Camels left pouting as Saudis ban botox at beauty pageant
Huddled together on a dusty racetrack, Saudi judges scrutinise pouty lips and shapely humps in a high-stakes camel beauty pageant mired in scandal after botox and cosmetic fillers were detected.
Some 14 camels have been disqualified from the month-long King Abdulaziz Camel Festival, an annual bedouin tradition supported by the Saudi royal family that lures breeders from around the Gulf with prize money of up to $57 million (46 million euros).
Organisers of the festival — with 30,000 participating camels — are cracking down on cosmetic enhancements, a malpractice that has thrived amid stiff competition and despite strong penalties as some stake millions on acquiring top breeds.
“Some breeders cannot afford to buy expensive camels,” said Abdullah bin Naser al-Dagheri, one of the judges, scribbling scores on sheafs of papers as he stood on tracks littered with camel droppings.
“They buy cheap, not so good-looking camels and try to beautify them artificially. We’re cracking down on such fraud.” Droopy lips, a tall neck and a perfectly placed hump are all winning attributes in camel pageantry.
The lure of cash prizes and the prestige of winning propels some to tweak the natural look of camels, an offence that could get the animals banned from the competition for three to five years.
Days before the festival began, Saudi authorities caught one vet performing plastic surgery on camels, media reported, prompting furious calls for new penalties on cheats.
Camels were given botox injections at his clinic and some went under the knife to make their ears more perky, also considered a winning trait.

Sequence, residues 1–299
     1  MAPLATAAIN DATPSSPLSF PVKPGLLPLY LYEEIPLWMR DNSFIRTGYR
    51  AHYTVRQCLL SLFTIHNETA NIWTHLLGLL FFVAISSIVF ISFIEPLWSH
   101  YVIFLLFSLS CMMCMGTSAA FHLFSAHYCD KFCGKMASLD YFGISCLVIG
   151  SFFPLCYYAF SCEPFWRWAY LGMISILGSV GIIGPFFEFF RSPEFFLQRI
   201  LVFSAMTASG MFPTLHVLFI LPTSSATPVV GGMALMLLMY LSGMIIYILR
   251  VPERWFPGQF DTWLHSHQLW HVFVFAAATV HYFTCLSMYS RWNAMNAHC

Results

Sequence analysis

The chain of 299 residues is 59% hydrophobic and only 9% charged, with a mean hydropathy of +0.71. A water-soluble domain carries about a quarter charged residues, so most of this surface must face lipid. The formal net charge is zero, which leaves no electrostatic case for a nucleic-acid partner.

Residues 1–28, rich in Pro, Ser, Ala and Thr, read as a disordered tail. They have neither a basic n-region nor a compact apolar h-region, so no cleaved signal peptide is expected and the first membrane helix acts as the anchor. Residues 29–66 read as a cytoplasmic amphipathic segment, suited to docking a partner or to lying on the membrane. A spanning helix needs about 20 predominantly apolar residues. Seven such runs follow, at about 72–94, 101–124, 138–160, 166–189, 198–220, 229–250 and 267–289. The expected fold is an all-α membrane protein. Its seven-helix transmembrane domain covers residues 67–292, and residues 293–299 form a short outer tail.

“Cheating is inevitable — even in a contest about beauty,” said chief judge Fawzan al-Madi.
“It is prevalent just like any other animal sport such as horse racing where steroids have found their way.” Madi added that specialised vets and a team from the agriculture ministry had been deployed to catch violations, which include beauty products such as oils, anaesthetic creams and fillers.
Saudi Arabia is in the midst of historic social and economic change as it seeks to leapfrog into a modern, post-oil era.
Women will be allowed to drive from June, and the ultra-conservative kingdom is gearing up to reopen cinemas for the first time in decades.
But simultaneously it is also seeking to preserve its bedouin traditions and cultural heritage.
“Camels are a symbol of the Arabian peninsula, a symbol of Saudi Arabia,” Madi said.
“They are our pride.” Thousands of visitors have attended this year’s festival, which last year relocated from the remote desert to Al-Rumhiya on the outskirts of the capital Riyadh.
The spectator stands erupted in whistles and howls as camels strode down the racetrack, their humps draped in golden belts adorned with tassels and bells.
Revellers waved makeshift flags, mounting their chequered headgear on sticks as camels representing their tribes appeared.
The festival, which ends with a closing ceremony presided over by King Salman on February 1, also features camel racing and milk tasting, as well as a petting zoo featuring the world’s tallest camel which stands at nearly three metres (10 feet).
Desert storms frequently interrupt the festival, forcing VIP visitors inside luxury air-conditioned tents offering sugary pastries, Arabic coffee and dried fruit.
The spirit of the festival should not be overshadowed by some cases of cheating, said camel owner Howashel al-Dosary, displaying to AFP the most expensive among his flock of 100 camels, worth five million riyals ($1.3 million).
“If I catch a cheat I will tell him: ‘May God never help you! I don’t want to see your face again.’“ “Our pride is more important than profit.”